Review: Knots and Crosses by Ian Rankin

05 Feb

Knots and Crosses (Inspector Rebus, #1)My rating: 4 of 5 stars

Last month, I read the most recent of Ian Rankin’s Inspector Rebus books, Exit Music.  I enjoyed it, and decided to check out some of the earlier books.  Knots and Crosses is the beginning of the series.


Detective John Rebus: His city is being terrorized by a baffling series of murders…and he’s tied to a maniac by an invisible knot of blood. Once John Rebus served in Britain’s elite SAS. Now he’s an Edinburgh cop who hides from his memories, misses promotions and ignores a series of crank letters. But as the ghoulish killings mount and the tabloid headlines scream, Rebus cannot stop the feverish shrieks from within his own mind. Because he isn’t just one cop trying to catch a killer, he’s the man who’s got all the pieces to the puzzle…

I found it interesting– for the first half of the book, I thought it was more of a character study than a mystery. That was OK, I like books that are primarily about characters. In the second half of the book, many seemingly extraneous details tied in to the murder, as the character picture and the mystery filled in together.

I enjoyed the character of Inspector Rebus, even if he isn’t someone I’d like if I met him.   He was a complex character,  one that I look forward to learning more about in future books.  The secondary characters were also interesting, for the most part.  There was more depth to his colleagues in the police department than in the depictions of his family members, which I think was an intriguing deliberate choice.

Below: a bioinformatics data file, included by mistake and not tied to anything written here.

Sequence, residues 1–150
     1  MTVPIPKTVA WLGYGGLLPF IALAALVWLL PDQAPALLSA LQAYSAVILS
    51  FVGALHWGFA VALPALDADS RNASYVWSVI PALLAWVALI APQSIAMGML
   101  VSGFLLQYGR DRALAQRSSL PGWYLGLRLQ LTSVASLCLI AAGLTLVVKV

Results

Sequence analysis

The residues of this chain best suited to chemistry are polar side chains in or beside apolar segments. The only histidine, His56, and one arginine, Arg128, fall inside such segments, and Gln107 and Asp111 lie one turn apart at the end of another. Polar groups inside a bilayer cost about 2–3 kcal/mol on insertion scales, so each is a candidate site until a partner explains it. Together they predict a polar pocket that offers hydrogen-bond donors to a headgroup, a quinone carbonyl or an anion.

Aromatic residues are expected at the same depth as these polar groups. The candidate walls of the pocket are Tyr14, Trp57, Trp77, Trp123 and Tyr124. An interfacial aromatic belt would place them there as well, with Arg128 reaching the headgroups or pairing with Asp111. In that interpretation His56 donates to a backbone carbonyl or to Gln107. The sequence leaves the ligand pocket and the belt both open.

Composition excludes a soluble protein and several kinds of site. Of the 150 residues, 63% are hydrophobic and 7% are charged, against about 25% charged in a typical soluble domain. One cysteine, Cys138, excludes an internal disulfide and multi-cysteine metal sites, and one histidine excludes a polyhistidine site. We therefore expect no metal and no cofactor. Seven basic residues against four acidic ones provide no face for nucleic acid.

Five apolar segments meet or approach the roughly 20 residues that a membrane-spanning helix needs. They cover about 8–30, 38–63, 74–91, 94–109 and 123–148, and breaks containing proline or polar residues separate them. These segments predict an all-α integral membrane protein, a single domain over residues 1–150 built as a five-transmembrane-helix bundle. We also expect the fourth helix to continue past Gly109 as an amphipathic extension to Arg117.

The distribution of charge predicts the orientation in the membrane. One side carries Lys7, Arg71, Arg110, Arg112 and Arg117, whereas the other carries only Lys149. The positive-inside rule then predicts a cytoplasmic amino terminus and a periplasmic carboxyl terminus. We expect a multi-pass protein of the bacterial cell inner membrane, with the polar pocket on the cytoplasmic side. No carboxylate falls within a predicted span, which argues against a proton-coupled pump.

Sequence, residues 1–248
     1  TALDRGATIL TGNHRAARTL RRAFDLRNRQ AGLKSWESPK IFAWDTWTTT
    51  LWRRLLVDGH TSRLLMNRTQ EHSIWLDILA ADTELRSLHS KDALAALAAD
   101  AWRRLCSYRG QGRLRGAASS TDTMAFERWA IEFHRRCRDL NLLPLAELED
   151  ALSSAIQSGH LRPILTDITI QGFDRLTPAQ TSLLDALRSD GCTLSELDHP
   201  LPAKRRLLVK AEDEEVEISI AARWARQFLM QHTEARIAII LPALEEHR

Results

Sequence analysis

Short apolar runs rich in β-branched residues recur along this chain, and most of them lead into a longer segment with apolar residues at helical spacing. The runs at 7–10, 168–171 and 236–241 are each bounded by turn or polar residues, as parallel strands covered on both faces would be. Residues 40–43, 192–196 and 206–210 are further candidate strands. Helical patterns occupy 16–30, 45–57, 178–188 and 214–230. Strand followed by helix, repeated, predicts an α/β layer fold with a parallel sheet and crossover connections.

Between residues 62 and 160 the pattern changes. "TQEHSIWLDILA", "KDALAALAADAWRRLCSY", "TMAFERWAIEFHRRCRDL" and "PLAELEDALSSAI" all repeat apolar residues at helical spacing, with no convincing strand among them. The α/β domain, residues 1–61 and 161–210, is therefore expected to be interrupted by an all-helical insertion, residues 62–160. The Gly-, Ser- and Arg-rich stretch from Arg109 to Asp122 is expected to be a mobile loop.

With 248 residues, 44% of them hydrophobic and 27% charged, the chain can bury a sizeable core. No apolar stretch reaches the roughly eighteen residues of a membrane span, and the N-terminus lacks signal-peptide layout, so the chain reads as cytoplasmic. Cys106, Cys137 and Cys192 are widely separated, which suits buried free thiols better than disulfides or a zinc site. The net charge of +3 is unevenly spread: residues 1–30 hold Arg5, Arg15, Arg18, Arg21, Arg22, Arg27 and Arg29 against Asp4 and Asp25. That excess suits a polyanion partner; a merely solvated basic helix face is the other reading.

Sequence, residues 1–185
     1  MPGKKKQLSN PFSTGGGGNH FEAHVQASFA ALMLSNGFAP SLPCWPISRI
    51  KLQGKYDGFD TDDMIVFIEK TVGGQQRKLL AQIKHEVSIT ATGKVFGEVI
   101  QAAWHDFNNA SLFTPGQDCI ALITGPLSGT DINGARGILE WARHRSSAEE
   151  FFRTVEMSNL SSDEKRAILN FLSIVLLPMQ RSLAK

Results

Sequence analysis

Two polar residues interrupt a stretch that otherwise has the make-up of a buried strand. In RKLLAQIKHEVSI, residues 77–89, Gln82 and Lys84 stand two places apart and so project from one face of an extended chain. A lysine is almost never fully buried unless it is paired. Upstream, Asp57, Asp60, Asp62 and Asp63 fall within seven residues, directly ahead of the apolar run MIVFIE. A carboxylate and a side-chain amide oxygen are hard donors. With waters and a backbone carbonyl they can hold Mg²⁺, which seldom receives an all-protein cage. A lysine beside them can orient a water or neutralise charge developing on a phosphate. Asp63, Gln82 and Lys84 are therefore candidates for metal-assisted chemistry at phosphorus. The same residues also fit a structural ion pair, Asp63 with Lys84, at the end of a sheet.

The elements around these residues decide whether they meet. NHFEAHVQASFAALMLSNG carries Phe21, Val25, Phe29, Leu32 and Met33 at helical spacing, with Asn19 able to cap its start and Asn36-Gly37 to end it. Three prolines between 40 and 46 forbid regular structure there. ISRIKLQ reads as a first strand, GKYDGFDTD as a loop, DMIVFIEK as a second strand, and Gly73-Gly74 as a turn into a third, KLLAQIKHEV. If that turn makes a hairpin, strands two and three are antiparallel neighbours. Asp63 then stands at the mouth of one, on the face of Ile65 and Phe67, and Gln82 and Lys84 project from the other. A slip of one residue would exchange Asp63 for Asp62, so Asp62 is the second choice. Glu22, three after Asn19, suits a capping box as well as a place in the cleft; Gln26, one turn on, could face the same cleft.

The mystery worked well enough.  For most of the book, it was presented as a way to get to know Rebus.  This isn’t the sort of book where you can solve the mystery before the police– there’s too much we as readers don’t know that contributes to the resolution.

As far as I could tell, Exit Music is either the last book of the series, or it marks a significant turning point.  Starting there and moving to the beginning was a curious experience.  Rebus is recognizably the same character, but he does change as the story continues.

I’ll continue reading this series.

1 Comment

Posted by on February 5, 2010 in books, reviews


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One response to “Review: Knots and Crosses by Ian Rankin

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